Local pharmaceutical giant Hovid is testing the waters in the e-commerce space. While most industries have few problems selling their products through the Web, Malaysian pharmaceutical firms face a different kind of battle.
“Invisible barriers” such as tariffs, standards, safety requirements and cross border issues stand in the way of promoting Malaysian-made pharmaceutical products abroad even though Hovid’s products are sold to over 30 countries in the world. However, on the online playing field, these countries are not among those who grew up on a diet of catalogue shopping.
Ipoh-based Hovid was set up in 1945 as a herbal tea outfit before it ventured into manufacturing pharmaceutical and health supplements business in the 1980s.
Today, it offers more than 300 different kinds of finished pharmaceutical and healthcare products in various doses available through its chain of six pharmacies across West Malaysia. Its clientele comprise over 5000 private clinics, hospitals and Malaysia’s Ministry of Health.
Three years ago, Hovid adopted information technology and is busy upgrading, in concert, with its Web site for promotion, enquiry and sales; and ERP operations for the manufacturing plant. The RM1 million ERP solution from Baan (now owned by Invensys) is aimed at tidying the back-office operations and improving day-to-day running of the company.
“We cannot ignore the ‘Net although it does not work for us yet. We believe it will be the big thing five to 10 years from now. Right now we are concentrating on building our brand on the ‘Net for Malaysians,” said Hovid’s managing director David Ho.
Participating online is no longer a luxury and Ho believes that the influence of the Web on ordinary folks will continue to grow bigger and bigger, not any less. “We see it an opportunity and not a threat.”
Its Web site, www.hovid.com
, was designed in-house a year ago and the firm partnered with Mimos’ Mall of Malaysia (MOM) on the e-commerce front. The Web site drew many visitors and a few online purchases. “The response through MOM was below our expectations and we are evaluating our options again,” he said, adding the company had no idea of the number of unique visitors to the mall.
However, initial statistics indicated that visitors from the US and Japan were interested in the herbal tea and natural products, and Ho had quietly begun devising a strategy to enter the European and American markets.
Its first overseas plant Hovid Toeranta in Donegal, Ireland came on stream two months ago with the production of soft gelatin capsules. “Because of their stringent regulations, we had to devise a different strategy to penetrate these markets. Ireland will be the gateway to the European Union and eventually we will set up base in United States as well,” he said.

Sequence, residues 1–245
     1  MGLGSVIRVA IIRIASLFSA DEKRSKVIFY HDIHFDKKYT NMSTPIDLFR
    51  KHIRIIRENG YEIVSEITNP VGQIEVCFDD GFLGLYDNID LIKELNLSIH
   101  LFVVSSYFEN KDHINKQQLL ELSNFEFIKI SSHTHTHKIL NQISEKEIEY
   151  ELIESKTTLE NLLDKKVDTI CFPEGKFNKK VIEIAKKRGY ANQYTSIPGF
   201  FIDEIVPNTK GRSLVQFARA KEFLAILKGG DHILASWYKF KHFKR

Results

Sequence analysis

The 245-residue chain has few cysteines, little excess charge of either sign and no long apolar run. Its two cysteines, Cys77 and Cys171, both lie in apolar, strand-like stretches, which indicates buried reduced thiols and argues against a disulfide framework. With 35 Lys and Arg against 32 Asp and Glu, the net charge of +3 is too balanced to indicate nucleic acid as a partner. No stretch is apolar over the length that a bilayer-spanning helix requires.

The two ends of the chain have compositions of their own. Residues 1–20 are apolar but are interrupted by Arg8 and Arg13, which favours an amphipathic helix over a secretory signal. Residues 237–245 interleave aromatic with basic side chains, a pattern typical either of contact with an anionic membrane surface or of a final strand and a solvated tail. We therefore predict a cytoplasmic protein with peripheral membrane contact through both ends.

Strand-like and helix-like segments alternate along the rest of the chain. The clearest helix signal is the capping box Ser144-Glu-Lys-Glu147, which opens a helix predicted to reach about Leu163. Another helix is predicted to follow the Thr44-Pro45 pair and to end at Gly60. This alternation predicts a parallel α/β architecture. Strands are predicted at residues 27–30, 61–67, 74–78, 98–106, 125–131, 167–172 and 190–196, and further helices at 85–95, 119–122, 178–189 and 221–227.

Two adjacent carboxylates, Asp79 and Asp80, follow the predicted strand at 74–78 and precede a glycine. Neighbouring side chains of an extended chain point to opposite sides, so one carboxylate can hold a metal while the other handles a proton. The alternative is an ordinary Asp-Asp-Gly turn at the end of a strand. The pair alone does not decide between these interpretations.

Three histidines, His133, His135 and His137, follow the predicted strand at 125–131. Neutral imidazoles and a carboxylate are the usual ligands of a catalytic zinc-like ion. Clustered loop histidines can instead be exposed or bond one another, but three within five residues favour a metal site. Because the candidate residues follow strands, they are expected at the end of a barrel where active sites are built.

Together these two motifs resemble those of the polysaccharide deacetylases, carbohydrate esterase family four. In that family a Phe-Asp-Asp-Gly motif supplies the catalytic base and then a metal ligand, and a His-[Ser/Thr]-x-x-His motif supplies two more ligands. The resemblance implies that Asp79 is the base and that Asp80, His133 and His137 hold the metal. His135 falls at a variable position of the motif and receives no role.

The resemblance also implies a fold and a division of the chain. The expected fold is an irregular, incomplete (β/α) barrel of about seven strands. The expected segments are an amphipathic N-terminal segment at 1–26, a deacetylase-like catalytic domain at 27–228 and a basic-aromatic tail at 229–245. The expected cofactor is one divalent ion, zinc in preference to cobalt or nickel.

Parallel to spreading its wings abroad will be the enhancement of its Web strategy, added Ho. “Our entry online has a long term objective. It is aimed at understanding the Web and discovering what makes it work. By gaining necessary experience, we will be able to hone the right strategy.”
Ho pointed out that foreign visitors to the Web site were interested in their herbal and natural product range while locals were keen on the pharmaceutical products. Based on the initial feedback, he said that work is underway to make the Web site more informative and interactive especially for foreign visitors who are unable to buy the products but will have an avenue to learn about the herbs and ingredients involved.
Information posted will be given away free.
A new Web site for Europe is also in the works to push Hovid’s presence in Europe. “It will be a form of advertising the type of products and services available in that region.” By growing the brand name, Ho hopes the payoffs will take shape on the horizon.
On the local end, Ho is targeting his B2B strategy at druggists and general practitioners. While he admitted that doctors are unlikely to order or replenish their drug supply via the ‘Net, he is compelled to build the infrastructure.
“It is an educational process and we are not going to wait at the sidelines until the doctors are ready to move online. We can help lead the way by offering the option of doing that. Soon they will realise it is cheaper and makes more sense to order drugs via the ‘Net.”
Ho does not see major issues to iron out with the distribution structure as the current network is pretty lean. The toughest barrier is convincing the majority to use the ‘Net as an option versus faxing or phoning in orders. “We like to see e-commerce work for us in Malaysia first and want very much to integrate the ‘Net as part of our sales channel,” he said.
Ho also pointed out that the human relationship that forms an important part of the current business practice cannot be done away with. “The ‘Net is impersonal. It has not reached the level of interactivity to replace the real person. For us, if our local druggists and doctors use it as a means to send in repeat orders, it shows that we have succeeded to some degree.”